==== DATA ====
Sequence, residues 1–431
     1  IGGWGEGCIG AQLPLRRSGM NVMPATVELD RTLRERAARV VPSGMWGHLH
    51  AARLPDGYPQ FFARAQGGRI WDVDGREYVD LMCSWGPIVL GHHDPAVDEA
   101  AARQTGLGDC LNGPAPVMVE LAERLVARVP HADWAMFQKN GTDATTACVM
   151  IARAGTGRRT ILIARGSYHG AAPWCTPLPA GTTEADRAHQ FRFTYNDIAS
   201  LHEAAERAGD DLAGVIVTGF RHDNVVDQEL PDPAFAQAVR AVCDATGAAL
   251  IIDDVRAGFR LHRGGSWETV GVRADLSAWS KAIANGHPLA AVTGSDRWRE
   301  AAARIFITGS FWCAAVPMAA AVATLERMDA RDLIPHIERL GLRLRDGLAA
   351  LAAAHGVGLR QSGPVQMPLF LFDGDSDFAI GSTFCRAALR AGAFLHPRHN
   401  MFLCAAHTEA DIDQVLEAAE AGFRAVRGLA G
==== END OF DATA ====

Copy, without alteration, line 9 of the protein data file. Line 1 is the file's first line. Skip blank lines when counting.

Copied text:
   351  LAAAHGVGLR QSGPVQMPLF LFDGDSDFAI GSTFCRAALR AGAFLHPRHN